Outdoors

A bear cub was found dead near Kansas town. More may arrive as drought continues

In this June 2017 file photo, a black bear cub forages for food along a salmon stream below a bear viewing spot for tourists in the Mendenhall Glacier Recreation Area in Juneau, Alaska.
In this June 2017 file photo, a black bear cub forages for food along a salmon stream below a bear viewing spot for tourists in the Mendenhall Glacier Recreation Area in Juneau, Alaska. AP Photo

Editor's note: Max Crocker's name was misspelled in an earlier version of this story.

A black bear cub found dead near a southwest Kansas town may not be the last to approach the state's border, game wardens said.

A male, juvenile black bear was killed in an accidental crash Monday on Highway 56 near Elkhart, Kan., about a mile and a half across the Oklahoma state line, said Max Crocker, an Oklahoma game warden.

It may have been the young bear's dispersal — or trying to find a new habitat — that drove him to cross the Oklahoma panhandle to the Kansas state line. But drought conditions probably pushed it even farther than usual, Crocker said.

"This is the first one for the year, but it may not be the last," he said.

Spring wildfires in New Mexico and Colorado combined with a region-wide drought may be pushing black bears toward Kansas, said Kraig Schultz, a wildlife biologist with the Kansas Department of Wildlife, Parks and Tourism. Even with droughts and fires, it's rare for one to make its way into the state.

The last confirmed report of a black bear in Morton County was in 2011, Schultz said, when a woman looked out the window of her home to see one sitting in a child's wagon. Three years ago, another was spotted on the opposite side of the state walking down a back road in Cherokee County.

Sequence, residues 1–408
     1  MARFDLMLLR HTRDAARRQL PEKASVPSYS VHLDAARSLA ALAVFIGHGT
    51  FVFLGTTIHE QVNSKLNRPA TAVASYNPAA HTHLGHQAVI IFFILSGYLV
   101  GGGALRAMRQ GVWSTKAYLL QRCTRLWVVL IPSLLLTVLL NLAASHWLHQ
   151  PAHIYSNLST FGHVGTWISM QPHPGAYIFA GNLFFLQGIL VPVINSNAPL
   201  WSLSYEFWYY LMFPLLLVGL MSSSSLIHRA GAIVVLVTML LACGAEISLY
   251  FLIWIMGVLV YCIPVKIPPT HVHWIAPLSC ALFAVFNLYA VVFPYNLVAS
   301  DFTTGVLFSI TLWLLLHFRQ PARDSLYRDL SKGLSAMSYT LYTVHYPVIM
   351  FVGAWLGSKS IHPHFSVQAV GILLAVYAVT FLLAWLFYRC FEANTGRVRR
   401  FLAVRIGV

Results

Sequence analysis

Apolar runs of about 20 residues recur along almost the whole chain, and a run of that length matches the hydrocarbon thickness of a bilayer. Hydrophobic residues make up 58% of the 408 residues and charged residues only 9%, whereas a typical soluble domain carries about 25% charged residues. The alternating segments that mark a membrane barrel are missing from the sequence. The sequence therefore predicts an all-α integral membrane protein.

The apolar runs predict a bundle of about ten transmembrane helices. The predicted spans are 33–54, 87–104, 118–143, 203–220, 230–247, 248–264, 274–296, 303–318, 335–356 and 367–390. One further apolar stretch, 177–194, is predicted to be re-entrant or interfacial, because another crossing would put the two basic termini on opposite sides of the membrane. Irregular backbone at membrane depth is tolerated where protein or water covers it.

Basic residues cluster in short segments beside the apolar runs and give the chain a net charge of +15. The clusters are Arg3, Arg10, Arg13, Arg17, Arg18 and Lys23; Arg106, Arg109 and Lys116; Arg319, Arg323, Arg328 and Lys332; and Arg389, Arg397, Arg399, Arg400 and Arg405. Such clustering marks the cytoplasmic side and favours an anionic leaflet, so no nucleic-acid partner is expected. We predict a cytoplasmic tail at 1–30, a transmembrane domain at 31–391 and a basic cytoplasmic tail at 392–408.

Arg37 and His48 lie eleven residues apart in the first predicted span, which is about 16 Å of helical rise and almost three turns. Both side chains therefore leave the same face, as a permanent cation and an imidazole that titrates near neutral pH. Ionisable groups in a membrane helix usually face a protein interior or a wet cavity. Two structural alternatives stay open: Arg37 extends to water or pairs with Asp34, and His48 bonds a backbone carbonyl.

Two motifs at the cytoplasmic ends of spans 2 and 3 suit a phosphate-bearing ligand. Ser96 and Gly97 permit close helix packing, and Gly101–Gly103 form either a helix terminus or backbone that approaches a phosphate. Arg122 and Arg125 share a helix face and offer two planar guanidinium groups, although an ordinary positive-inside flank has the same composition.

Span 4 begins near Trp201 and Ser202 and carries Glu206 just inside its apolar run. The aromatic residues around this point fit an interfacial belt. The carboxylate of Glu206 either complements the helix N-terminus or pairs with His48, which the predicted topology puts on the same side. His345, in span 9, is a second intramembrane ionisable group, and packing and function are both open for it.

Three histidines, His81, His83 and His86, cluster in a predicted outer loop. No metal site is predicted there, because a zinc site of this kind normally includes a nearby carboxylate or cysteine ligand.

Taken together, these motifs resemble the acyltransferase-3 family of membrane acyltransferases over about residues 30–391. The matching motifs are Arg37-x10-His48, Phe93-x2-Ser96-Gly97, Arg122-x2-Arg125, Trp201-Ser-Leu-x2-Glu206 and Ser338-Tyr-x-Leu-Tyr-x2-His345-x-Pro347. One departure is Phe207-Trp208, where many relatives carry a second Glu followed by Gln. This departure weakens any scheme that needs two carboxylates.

When bears come to Kansas, they typically eat wheat fresh from the field as it heads out and turns doughy, Schultz said.

"They're here for a week or two then go back," he said.

Almost the entire Oklahoma panhandle is in exceptional drought, as are parts of southwest Kansas and northeast New Mexico, according to the U.S. Drought Monitor.

20180508_usdm.jpg
Almost all of the Oklahoma panhandle is experiencing exceptional drought, as are parts of southwest Kansas and northeast New Mexico. U.S. Drought Monitor Courtesy Photo


"In years of severe drought, we commonly do have especially young, male bears coming in out of Colorado and New Mexico heading this direction," Crocker said.

The western end of the panhandle has its own small population of black bears, said Don P. Brown, a spokesman for the Oklahoma Department of Wildlife Conservation.

Black bears and grizzly bears used to be native to Kansas, but now there are no permanent populations in the state, the Eagle previously reported. Experts say wild black bears from Colorado and the Missouri Ozarks could start to populate parts of southwest and southeast Kansas in the next decade.

If you see a bear, call wildlife officials, Schultz said. Give it a wide birth and don't bother or harass it.

"When it comes to bears, there is a factor of alarm," Crocker said. "I wouldn't be too alarmed unless it was in very close proximity to your house. And don't keep dog food and cat food outside your house."

As for the bear found dead on the side of a highway, there won't be any charges against the driver who accidentally ran over it, Crocker said. Photos of the bear were posted on Facebook by Michael Newmon.

Biologists have been studying how Missouri's black bear population is growing. The occasional animal, from that population, is seen in southeastern Kansas. (Courtesy of the Missouri Department of Conservation)

  Comments